Pistyll - Nant Gwrtheyrn - Circular route
Follow the marked path to the top of the hill, leaving behind stunning views of the Nefyn coastline and Porthdinllaen in the background. The footpath then meanders over a few fields, passing Cefnydd farm on your right and towards Ciliau Uchaf. After passing to the right of Ciliau Uchaf, follow the path that takes you ahead, then downhill to your left passing Ciliau Ganol.
A slight de tour to the fields on the right a bit further will allow you to view the magnificent stretch of Porth Pistyll coastline, with the Welsh Language Centre of Nant Gwrtheyrn on your right, with the ancient oak & birch woodland of Gallt y Bwlch clinging to the hillside in front.
The area here is steeped in history, the Nant having three granite quarries. Quarrying of the granite-like stone began in earnest in 1861.Three quarries opened in that decade, primarily supplying and shipping setts for paving the streets of rapidly growing cities such as Liverpool and Manchester. Chwarel Porth y Nant was located just below the village of Nant Gwrtheyrn. There were two inclines running down from the quarry to the shore here, where ships were regularly loaded here, as well as at a second pier at Cae'r Nant (far left of the beach). The third quarry Carreg y Llam was situated just behind Cae’r Nant. Quarrying ceased here in 1939. Often, you can see wild goats scrambling over the stony terrain of the old quarries.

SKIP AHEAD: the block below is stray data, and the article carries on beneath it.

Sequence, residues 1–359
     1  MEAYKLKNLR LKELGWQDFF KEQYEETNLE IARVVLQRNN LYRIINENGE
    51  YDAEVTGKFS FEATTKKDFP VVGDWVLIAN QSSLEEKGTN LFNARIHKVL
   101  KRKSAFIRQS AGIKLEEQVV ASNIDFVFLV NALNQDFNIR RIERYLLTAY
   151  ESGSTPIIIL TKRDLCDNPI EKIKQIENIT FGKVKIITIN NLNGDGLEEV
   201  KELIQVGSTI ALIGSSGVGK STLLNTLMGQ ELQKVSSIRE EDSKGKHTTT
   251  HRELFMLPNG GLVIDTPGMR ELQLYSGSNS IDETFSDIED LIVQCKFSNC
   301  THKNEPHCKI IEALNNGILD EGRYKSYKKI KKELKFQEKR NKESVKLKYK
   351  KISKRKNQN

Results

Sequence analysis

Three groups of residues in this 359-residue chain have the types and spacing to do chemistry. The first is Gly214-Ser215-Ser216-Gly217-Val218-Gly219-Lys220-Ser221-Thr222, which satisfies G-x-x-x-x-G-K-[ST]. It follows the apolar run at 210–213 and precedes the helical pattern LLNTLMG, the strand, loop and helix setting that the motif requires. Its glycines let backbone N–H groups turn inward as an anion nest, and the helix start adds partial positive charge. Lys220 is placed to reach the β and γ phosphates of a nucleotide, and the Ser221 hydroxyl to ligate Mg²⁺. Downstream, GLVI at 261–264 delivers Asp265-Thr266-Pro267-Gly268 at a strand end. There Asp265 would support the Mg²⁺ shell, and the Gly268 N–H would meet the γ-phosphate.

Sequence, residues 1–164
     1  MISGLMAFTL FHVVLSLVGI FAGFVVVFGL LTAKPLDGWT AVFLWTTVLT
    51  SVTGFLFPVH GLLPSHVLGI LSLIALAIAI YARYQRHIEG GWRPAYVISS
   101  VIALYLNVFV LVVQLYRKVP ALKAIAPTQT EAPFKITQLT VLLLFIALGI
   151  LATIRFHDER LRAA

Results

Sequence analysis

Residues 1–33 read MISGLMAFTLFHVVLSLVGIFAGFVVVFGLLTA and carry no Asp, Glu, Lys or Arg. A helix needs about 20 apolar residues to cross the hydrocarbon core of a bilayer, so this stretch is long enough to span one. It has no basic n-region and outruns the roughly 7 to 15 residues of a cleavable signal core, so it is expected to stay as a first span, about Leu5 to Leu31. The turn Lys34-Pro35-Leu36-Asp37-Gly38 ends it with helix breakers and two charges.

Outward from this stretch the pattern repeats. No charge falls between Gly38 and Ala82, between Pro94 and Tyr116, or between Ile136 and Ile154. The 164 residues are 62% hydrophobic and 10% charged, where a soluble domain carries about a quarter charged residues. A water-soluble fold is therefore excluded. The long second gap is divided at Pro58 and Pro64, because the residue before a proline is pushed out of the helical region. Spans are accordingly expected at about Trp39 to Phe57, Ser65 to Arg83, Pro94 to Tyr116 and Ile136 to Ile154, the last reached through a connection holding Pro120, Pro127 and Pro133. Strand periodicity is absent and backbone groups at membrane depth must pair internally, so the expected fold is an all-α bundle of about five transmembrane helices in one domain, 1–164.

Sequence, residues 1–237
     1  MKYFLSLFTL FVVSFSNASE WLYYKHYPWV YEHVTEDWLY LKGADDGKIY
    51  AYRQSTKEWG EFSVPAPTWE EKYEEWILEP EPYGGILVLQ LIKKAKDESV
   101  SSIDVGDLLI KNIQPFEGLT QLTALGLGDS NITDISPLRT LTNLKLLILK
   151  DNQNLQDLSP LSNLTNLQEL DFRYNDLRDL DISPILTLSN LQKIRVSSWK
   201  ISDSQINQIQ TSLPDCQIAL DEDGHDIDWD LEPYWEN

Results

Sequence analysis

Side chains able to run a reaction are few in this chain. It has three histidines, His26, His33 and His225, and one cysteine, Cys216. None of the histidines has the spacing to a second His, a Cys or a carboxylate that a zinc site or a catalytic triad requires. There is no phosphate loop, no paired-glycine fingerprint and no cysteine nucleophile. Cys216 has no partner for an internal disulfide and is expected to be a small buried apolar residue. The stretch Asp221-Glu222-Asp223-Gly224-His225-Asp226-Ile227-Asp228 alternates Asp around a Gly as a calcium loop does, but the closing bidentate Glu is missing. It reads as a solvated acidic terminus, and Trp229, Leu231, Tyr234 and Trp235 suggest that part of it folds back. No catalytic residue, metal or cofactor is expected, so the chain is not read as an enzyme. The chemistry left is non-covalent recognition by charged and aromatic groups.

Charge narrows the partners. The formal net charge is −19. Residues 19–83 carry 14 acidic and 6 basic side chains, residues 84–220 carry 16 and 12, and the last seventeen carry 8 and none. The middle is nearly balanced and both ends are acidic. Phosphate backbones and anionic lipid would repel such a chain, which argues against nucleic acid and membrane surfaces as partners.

Having reached Cae’r Nant quarry, the footpath then continues upwards to your left, passing a bench and through a kissing gate. Continue through the gap between the hills, with Penrhyn Glas headland on your right and the Gwylwyr hills straight ahead of you to the left. Pistyll beach is ahead on your right, although access to the beach is not straightforward.
Continuing ahead downhill, the footpath will take you through an area of National Trust land, eventually leading to St Beuno’s historic church.
As early as the 6th century, this church was a place of solitude for Saint Beuno, and later for pilgrims making the long journey pilgrimage to Bardsey Island at the tip of the peninsula. The current church mostly dates from the 15th century, some of it possibly from the 12th. The roof was thatched until the early 20th century when a slate roof was added. The church floor is traditionally covered with rushes and herbs. The font dates from the 11th century. On one of the walls inside is an ancient wall painting depicting two people.
From here, take the road back to the carpark.